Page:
The Verdict: Olczyk's talents span from rink to booth, and beyond
Life is good for Eddie Olczyk.
After broadcasting 116 games last season for his beloved Blackhawks and on national television, he learned Wednesday of his induction into the United States Hockey Hall of Fame. Remarkably, Edzo did not get word of the honor at an airport or while being wired for sound.
He’s on summer vacation, so he can relax and enjoy. It hasn’t always been thus. Having completed his first tour of duty in Chicago, Olczyk was a member of the Maple Leafs when his wife, Diana, prepared to deliver the couple’s second child, Tommy, in November of 1990.
“I was with her in a Toronto hospital,” Eddie recalled. “The baby was due any minute, and I told the Leafs I would play that night. Don’t worry. I’ll be there. Nurse comes in and says there’s a phone call for me. I go outside to take it, then come back to Diana’s room. She looks at me and asks, ‘Where are we going?’ She just knew I’d been traded. I didn’t say anything. Then she says, ‘Winnipeg.’ I knew we were in it for the long haul. Amazing, how things happen.”
"THE VERDICT" WITH BOB VERDI
Blackhawks Team Historian Bob Verdi has covered sports for five decades, including more than 40 years as a columnist and contributor for the Chicago Tribune. He authored "Chicago Blackhawks: Seventy-Five Years" in 2001, was the featured contributor in "One Goal Achieved: The Inside Story of the 2010 Stanley Cup Champion Chicago Blackhawks," and has co-authored biographies on Bobby Hull and Stan Mikita.
“I think back to where it started in Niles, then moving to Palos Heights,” he went on. “The sacrifices my parents, Big Ed and his Diana, made for me. His grocery store, where I brought in carts from the parking lot and got those pages to report to Aisle 4 for a cleanup. Aisle 4 was baby foods. Shooting pucks in the garage, dreaming of playing for the Blackhawks. Now I talk hockey for a living, thanks to a tremendous organization here in Chicago that allows me the flexibility to work for a great network, NBC. Great wife, great family. How lucky am I?”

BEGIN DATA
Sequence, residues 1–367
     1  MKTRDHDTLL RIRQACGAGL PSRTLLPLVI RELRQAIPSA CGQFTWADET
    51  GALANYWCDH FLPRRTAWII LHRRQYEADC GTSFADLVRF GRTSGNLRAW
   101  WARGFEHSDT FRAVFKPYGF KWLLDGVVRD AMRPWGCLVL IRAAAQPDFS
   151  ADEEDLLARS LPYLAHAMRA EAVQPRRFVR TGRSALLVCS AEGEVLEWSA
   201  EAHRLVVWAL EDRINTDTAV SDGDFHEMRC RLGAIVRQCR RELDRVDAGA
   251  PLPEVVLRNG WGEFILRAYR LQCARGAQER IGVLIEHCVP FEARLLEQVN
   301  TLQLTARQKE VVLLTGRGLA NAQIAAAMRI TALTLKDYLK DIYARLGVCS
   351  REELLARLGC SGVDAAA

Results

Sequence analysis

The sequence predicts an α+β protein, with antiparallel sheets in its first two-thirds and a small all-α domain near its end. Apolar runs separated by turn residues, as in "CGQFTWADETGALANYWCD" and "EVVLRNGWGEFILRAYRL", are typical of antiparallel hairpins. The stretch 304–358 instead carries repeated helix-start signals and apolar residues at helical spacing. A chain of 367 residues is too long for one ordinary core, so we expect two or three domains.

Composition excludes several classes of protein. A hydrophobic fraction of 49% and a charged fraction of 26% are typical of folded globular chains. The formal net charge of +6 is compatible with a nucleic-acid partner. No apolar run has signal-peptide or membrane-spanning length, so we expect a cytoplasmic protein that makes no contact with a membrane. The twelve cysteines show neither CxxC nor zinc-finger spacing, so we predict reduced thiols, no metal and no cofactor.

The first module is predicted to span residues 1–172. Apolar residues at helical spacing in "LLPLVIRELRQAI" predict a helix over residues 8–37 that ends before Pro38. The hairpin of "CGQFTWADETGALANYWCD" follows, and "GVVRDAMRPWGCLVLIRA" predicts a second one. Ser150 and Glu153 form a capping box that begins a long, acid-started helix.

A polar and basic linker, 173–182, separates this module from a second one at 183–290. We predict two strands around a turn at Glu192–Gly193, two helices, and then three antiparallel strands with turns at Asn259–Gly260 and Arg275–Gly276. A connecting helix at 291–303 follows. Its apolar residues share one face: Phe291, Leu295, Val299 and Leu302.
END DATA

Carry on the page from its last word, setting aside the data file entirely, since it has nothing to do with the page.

Olczyk was inducted along with Mike Modano, the explosive former Dallas Stars forward, and Lou Lamoriello, a much-decorated executive with the New Jersey Devils. Eddie O says he’s in elite company, but so are they. He is not only Pat Foley’s regular sidekick with the Blackhawks; Edzo is the lead analyst who teaches hockey to the entire country, and he’s not even from the East Coast. He’s a pure Chicago guy whose ascent through passion and instinct has been “tremendously tremendous,” to borrow a phrase from Eddie’s brilliant marathon with Doc Emrick at the 2010 Winter Olympics in Vancouver. They described game after game among teams from varied cultures with different names. Then, when it was over on a Sunday, Eddie O hopped a red-eye to Tampa for a Monday night tilt.
“That’s what I do,” he said. “And to think I didn’t like flying for so many years. Especially when we started having kids, because flying meant leaving them. Getting better at it now, though. This is what I love, and if viewers who listen don’t realize what I did before this, that’s fair. I understand.”
When the National Hockey League convened for its annual amateur draft at the Montreal Forum in 1984, there was scant doubt that the Blackhawks wanted to select a much-heralded, home-grown product. There wasn’t any question, either, that the Pittsburgh Penguins would take Mario Lemieux as the first overall choice. After the Devils snagged Kirk Muller, the Blackhawks grabbed Olczyk, their first ever native-born first rounder.